After spending a night out in the beautiful countryside of Sudbury, enjoying a pig roast and many a drink, waking up early Sunday morning to be adventurous and active wasn’t high on my priorities list. My buddy John and I had talked about the potential of a one-night Killarney trip, but when we both stumbled into the kitchen at 11am it didn’t seem very plausible. It took us roughly an hour and a half, during which we would ask the other “So…want to go to Killarney?” with the reply, “sure, if you want to”, until we finally arrived at the conclusion that yes, we would go, and why only one night when we can go two!?
We scrummaged through the pantry and took anything that could be deemed camp worth, packed the fillet knife in anticipation for our big catch, loaded up all my camp gear and hit the road toward Killarney. We pulled in at 3:00 (half hour before the park closed), picked a spot that would be near decent fishing spots and that would allow us a permit, found out there was no where for us to pick up more kerosene tanks, realized we’d forgot the map and that John only had a pair of Welly’s from Wal-Mart to hike it. How else would you start a trip?
Our minds were on the fishing, and we talked about the past luck we’d had in the area, and the strategy for early spring fishing. When we came across the first large lake we realized a fact we’d slightly overlooked… the lake was still completely frozen, and impossible to cast into. Still, we we’re confident that we’d find a way, so after a short hour jaunt where we took many breaks to take in how beautiful Killarney really is, we finally made it to our campsite on Hagon Lake, and got settled. A healthy dose of whisky and fireball, pasta cooked for a family of 5, and a deck of cards quickly allowed the night the settle in and the day came to a close. I couldn’t believe we’d actually made it out here.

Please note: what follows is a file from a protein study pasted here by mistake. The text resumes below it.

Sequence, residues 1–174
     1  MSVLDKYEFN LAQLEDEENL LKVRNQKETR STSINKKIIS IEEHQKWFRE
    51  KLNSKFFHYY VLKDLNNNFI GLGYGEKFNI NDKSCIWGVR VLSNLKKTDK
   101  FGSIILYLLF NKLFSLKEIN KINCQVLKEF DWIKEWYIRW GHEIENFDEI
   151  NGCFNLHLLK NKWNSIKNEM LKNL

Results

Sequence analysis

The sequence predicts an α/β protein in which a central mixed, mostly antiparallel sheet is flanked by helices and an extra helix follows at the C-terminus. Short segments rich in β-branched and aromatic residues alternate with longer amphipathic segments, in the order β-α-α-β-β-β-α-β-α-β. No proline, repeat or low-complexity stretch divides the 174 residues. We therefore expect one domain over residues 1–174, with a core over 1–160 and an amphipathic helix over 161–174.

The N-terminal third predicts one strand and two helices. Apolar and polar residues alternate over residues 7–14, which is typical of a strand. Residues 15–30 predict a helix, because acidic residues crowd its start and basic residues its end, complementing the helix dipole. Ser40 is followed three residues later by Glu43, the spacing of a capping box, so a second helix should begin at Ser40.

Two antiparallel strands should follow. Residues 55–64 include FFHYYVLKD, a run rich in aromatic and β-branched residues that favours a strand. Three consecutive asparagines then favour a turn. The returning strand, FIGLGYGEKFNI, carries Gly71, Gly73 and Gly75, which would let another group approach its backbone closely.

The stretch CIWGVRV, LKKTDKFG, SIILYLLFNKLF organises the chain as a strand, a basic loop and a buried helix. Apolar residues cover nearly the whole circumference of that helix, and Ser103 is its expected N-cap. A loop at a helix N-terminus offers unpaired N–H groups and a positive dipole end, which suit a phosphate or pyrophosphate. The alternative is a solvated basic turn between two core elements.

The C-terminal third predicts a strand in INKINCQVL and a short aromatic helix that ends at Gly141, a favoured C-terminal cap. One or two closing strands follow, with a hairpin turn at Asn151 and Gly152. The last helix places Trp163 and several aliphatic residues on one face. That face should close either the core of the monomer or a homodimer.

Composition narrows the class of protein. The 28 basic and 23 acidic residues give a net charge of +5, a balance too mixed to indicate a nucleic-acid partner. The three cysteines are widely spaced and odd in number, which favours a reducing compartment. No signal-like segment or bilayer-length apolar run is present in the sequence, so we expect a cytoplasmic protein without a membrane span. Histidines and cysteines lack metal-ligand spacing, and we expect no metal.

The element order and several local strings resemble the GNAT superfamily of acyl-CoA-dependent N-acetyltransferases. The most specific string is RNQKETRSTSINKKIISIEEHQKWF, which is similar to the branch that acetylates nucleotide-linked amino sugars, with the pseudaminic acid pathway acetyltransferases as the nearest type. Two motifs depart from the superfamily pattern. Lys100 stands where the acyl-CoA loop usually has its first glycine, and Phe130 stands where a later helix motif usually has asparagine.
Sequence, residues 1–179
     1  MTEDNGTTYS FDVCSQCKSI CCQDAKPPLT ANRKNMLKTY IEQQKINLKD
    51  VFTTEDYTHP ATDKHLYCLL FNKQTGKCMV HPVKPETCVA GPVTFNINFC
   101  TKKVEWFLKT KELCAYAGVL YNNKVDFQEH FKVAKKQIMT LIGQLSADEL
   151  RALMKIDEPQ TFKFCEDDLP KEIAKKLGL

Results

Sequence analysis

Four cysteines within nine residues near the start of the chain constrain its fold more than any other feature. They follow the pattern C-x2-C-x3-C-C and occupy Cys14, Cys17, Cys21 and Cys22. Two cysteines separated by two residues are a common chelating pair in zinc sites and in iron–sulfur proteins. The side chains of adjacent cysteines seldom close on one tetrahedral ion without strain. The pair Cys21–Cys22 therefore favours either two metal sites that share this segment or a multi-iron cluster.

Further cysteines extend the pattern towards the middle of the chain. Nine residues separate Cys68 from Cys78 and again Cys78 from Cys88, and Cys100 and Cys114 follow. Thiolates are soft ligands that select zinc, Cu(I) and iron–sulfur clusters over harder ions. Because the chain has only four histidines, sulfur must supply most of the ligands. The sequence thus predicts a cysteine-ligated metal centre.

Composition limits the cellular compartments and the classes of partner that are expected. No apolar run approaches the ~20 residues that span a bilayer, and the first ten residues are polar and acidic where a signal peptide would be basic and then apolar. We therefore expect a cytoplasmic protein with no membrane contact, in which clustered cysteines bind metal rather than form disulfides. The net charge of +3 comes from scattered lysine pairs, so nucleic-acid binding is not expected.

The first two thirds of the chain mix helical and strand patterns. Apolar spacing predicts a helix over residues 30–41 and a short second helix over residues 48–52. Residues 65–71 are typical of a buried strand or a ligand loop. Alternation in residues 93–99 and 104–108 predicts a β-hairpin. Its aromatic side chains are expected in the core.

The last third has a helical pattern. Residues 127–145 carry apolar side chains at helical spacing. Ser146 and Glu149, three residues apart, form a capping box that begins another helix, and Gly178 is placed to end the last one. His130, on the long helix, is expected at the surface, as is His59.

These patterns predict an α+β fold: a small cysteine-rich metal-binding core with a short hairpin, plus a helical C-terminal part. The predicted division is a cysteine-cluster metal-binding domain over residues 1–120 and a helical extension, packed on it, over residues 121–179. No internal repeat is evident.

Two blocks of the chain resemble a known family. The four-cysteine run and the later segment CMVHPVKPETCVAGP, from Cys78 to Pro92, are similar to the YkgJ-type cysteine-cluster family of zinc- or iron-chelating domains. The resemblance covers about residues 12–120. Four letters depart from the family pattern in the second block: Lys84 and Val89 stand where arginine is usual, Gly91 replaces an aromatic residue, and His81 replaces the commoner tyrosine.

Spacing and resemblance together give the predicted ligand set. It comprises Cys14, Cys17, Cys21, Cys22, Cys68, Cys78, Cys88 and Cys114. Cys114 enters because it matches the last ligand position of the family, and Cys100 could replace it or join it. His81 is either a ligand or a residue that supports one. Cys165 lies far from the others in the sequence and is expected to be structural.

We woke up early, with our minds set on coffee, and fish. We ate, packed a small backpack and stylish fanny pack, and hit the trail in search of “The Big One”. A little bit of bush whacking and we came to some small rapids that had opened up the ice. We knew we had to get across. We stripped down to our gitch, held the camera equipment, backpacks and rods above our head, and slowly made our way across this treacherous river mouth. Luckily, we made it without a spill. What we found was that everything was about 3-5ft deep and we couldn’t cast out to anything deeper. Although we traversed the shore, we had no luck, but our little trip was not pointless and it was worth the life-threatening crossing.
A few hours later we returned to the camp to find our neighbouring beavers busy as work. Turns out that beside these large Canadian rodents, a few geese, our only other glimpse of wildlife was two deer carcasses directly across the path…just beautiful. We again ate enough pasta for 4 Russian Tow-Truck Drivers, had a laugh, and called it quits.
We woke up to grey skies and eventually rain, but we packed, threw our rain coats on and headed back to where we’d left off. While we didn’t catch any fish, we caught two two beautiful days in the backcountry of Killarney.